A car crash on the Yerevan–Gyumri highway has left 11 people dead, raising concerns and criticism about Armenia’s road safety.
The head-on collision of a minibus and a lorry on the highway early on Monday morning led to the death of the minibus driver and ten of his passengers. The lorry driver and five other minibus passengers were hospitalised in Yerevan and Gyumri.
Armenia’s Investigative Committee has launched a criminal investigation into the accident, with preliminary reports suggesting that the lorry had driven into the opposite lane.
Traffic collisions are a major issue in Armenia, with accidents often leading to death or severe injuries. Citing a World Bank report, RFE/RL reported that about 11 out of 100,000 people die in traffic collisions every year, and that traffic-related death rates have been on the rise in the last 10 years.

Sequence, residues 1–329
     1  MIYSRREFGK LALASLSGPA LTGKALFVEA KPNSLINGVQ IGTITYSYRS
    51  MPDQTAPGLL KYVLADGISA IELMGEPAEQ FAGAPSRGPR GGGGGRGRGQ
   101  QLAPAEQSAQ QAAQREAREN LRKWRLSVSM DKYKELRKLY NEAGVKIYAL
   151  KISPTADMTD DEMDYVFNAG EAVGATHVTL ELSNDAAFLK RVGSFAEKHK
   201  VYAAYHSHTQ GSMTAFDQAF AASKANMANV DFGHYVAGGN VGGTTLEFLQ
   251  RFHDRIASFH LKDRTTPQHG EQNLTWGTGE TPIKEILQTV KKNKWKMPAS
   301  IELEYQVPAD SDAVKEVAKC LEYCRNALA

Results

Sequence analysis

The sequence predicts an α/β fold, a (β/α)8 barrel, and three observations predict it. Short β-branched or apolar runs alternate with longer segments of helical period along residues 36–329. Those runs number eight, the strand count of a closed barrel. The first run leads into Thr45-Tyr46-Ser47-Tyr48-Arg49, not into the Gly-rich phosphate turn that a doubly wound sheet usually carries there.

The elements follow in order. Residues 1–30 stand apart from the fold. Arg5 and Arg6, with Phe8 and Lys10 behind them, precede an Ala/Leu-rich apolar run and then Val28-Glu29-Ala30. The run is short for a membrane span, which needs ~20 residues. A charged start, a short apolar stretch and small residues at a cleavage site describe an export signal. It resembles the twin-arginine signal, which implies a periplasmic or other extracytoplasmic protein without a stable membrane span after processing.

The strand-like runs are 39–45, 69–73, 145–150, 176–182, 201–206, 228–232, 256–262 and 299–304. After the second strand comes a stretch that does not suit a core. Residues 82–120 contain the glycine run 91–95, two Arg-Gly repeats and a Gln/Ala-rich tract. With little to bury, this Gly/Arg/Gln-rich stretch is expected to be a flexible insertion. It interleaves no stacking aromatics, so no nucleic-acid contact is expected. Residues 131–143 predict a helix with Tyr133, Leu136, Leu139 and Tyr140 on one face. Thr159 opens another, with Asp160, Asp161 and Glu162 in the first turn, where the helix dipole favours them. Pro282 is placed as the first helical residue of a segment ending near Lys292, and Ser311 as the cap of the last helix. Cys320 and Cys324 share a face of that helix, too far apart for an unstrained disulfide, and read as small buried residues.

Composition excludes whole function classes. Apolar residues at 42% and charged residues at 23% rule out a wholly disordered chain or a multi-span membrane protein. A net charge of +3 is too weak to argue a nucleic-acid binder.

Monday’s fatal collision triggered criticism in Armenia about the government’s commitment to reforming road safety regulations and strategies.
Hayk Marutyan, a former mayor of Yerevan currently in the running for another term at City Hall, blamed the accident on ‘shoddy road construction and a lack of control over vehicle maintenance’.
‘I think it's time to realise that good asphalt does not equal good roads’, wrote Marutyan on Facebook.
Daniel Ioannisyan, head of the Union of Informed Citizens, has also said that the Yerevan–Gyumri highway does not have dividing markers, despite being under construction ‘for over ten years’.
Ioannisyan singled out Interior Minister Vahe Ghazaryan and Territorial Administration Minister Gnel Sanosyan for ‘not understanding how to reduce the mortality rate (of traffic collisions)’.
‘Does Gnel Sanosyan not have anything to say about the sad state of road safety infrastructure? Does Vahe Ghazaryan not have anything to say about the lack of road safety policy?’